No, Sigma's actually on the ball with the 50-150mm f/2.8 lens concept.I'm solidly behind the idea of a 50-150mm tele-zoom,and am planning to get one as soon as I get some first-hand reports on it. Just from the focal length range, I can tell you it will be a blessing, a real blessing, to have the 50-70mm range along with 85,105,135,and 150 mm settings in one fast, f/2.8 aperture zoom lens. My Nikkor 50-135 f/3.5 manual focus zoom lens has gone missing, and THAT was a REALLY handy lens to have on a 1.5x Nikon body,and so the additional aperture, autofocusing, a low-dispersion glass and more-modern optical design have me salivating over a 50-150 that's about the same physical size as the old 50-135 Nikkor. Sigma's recent efforts, with the 15-30 EX and 10-20 EX wide zooms have proved than they have the lens designing expertise,and the vision, to flesh out the choices for discerning customers, who want high quality lens designs that don't cost a small fortune. Often times too, the lens designs from the third party makers address real,significant "gaps" in lens design and focal length, or "price point problems". For example, many want the 500mm f/4 AF-S Nikkor, but few can afford it. Many more people can afford the 500mm f/4.5 HSM Sigma,which is several thousand dollars less costly,and also smaller and lighter. Similarly, the 100-300 f/4 constant aperture Sigma EX HSM lens, the 180 f/3.5 EX macro, and the 150mm f/2.8 EX macro, as well as the 300-800mm Sigma EX zoom. Yeah....300-800mm,in one big zoom. Nikon ain't got that. Neither does Canon. Neither camera maker makes a 500mm f/4.5 either. Neither camera maker manufactures a 150mm f/2.8 macro lens either, but Sigma makes a 150mm f/2.8 macro lens. AND SIGMA MAKES a 70mm f/2.8 macro lens, to replicate the former 105mm angle of view in a macro-focusing lens. Nikon has a 200mm f/4 Micro-Nikkor, while Sigma,and Tamron both offer nice 180mm macro lenses. And in the 10-20mm zoom range, Nikon has no offering either. It goes on and on. Sigma and Tamron can both make $449-$409 17-50mm lenses or 18-50mm lenses with f/2.8 constant apertures,and ULTRA-small profiles; meanwhile Nikon re-hashes the 28-70 with the monstrous 17-55 DX lens. Sigma and Tamron are competing with 18-50 and 17-50 2.8 lenses with very,very SMALL profiles.
I am REALLY glad to see that Sigma sees the wisdom of a DC or Digital Camera-optimized type of zoom lens designed for 1.5x and 1.6x customers, who constitute the bulk of d-slr shooters anyway. I know Nikon's got a new G-series 105mm VR prime with AF-S focusing and all for $899, but I really cannot see paying that much money for yet another 105mm lens when I own three 105's,a Tamron 90 macro,a Sigma 180 macro, a 60 Micro and two 55 micro's, and a Canon 100mm EF macro. I don't need another 105mm VR lens... I'm much more interested in a lens that would give me a 50mm,an 85,a 105,135,and a 150,all at f/2.8. I've been trial shooting my 75-150 f/3.5 Series E Nikon lens on my 20D recently; the 20D has a roughly 1.6x FOV factor, and even outdoors shooting family photos, the 75mm bottom end is a huge problem at distances under 30 feet. 75mm is just simply TOO NARROW an angle of view on a 1.6x body. Widening the angle of view SIGNIFICANTLY,by dipping down to 50mm will make the Sigma 50-150 f/2.8 a VERY versatile tele-zoom on 1.5 and 1.6x cameras. Frankly, there is NO substitute for that 50mm angle of view many times.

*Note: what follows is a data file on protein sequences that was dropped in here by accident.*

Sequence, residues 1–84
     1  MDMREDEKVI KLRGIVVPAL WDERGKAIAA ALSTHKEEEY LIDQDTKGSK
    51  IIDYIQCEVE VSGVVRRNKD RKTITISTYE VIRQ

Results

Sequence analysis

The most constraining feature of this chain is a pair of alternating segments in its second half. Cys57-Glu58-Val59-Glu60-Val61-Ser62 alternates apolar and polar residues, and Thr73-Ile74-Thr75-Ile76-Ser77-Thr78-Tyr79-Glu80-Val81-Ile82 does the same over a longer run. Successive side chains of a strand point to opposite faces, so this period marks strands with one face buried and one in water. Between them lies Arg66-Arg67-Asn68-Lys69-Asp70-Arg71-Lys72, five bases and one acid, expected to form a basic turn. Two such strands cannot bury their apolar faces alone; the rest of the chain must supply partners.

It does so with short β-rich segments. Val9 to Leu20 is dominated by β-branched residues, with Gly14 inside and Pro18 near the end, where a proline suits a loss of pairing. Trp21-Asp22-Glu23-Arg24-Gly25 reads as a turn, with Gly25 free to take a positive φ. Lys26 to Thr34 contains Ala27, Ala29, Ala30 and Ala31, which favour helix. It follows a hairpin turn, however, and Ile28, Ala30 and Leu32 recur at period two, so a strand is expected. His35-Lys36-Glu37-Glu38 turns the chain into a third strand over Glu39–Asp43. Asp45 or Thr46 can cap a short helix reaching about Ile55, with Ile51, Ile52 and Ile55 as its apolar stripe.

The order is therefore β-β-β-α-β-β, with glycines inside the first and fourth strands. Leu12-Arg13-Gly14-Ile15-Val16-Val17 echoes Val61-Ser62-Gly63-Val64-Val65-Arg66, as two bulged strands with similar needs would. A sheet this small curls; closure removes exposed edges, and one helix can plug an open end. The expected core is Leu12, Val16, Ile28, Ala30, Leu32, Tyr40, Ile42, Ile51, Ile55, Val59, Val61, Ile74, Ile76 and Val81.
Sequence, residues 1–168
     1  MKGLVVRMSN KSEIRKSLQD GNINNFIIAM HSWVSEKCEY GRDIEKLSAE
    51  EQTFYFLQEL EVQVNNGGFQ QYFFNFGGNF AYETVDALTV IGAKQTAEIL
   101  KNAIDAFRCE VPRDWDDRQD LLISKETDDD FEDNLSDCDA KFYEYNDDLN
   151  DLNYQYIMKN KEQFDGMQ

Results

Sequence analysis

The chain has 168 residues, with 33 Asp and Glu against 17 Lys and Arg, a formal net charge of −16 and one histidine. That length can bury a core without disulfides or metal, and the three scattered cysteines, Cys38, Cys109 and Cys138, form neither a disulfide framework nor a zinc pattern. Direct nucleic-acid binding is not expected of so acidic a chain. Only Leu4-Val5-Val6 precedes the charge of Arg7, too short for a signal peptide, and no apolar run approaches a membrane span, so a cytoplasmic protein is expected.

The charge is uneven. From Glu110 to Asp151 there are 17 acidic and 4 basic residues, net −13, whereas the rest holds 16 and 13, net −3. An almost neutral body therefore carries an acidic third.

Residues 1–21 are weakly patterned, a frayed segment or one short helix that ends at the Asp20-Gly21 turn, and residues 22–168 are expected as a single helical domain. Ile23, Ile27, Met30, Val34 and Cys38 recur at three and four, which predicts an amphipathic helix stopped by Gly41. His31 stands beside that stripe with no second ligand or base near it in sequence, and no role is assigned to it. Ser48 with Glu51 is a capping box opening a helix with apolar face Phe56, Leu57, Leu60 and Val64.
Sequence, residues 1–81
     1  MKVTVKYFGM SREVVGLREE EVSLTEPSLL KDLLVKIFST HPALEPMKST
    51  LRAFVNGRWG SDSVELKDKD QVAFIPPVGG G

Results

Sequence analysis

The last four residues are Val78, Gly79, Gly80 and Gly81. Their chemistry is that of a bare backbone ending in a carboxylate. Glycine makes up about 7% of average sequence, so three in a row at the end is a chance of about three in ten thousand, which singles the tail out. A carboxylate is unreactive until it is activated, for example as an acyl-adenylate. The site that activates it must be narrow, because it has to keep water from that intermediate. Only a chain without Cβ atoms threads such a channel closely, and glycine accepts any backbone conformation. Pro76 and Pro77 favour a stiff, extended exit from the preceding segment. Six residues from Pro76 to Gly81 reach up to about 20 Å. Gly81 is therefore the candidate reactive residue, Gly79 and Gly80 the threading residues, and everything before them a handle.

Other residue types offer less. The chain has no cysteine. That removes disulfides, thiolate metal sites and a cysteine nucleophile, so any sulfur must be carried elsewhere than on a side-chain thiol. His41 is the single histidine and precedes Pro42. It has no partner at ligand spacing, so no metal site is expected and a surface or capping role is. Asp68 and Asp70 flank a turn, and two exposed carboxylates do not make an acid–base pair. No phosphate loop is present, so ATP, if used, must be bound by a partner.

Here's some URL's on the new 70mm f/2.8 Sigma macro and Sigma's newly-announced 50-150mm f/2.8 constant-aperture zoom lens. I think it's amusing to see Sigma launch a 70mm macro lens in this 1.5x digital age.
Sigma's 70mm macro URL
Sigma's newly-announced 50-150mm f/2.8 EX DC HSM lens, only 5.2 inches long, 780 grams (27.5 ounces),with four SLD glass elements,which are touted as giving good chromatic aberration reduction. This lens has full time manual focusing override,which is very helpful for sports and events; anything less than full-time manual focus override is clearly far from state of the art in the year 2006 when it comes to sports/event lenses.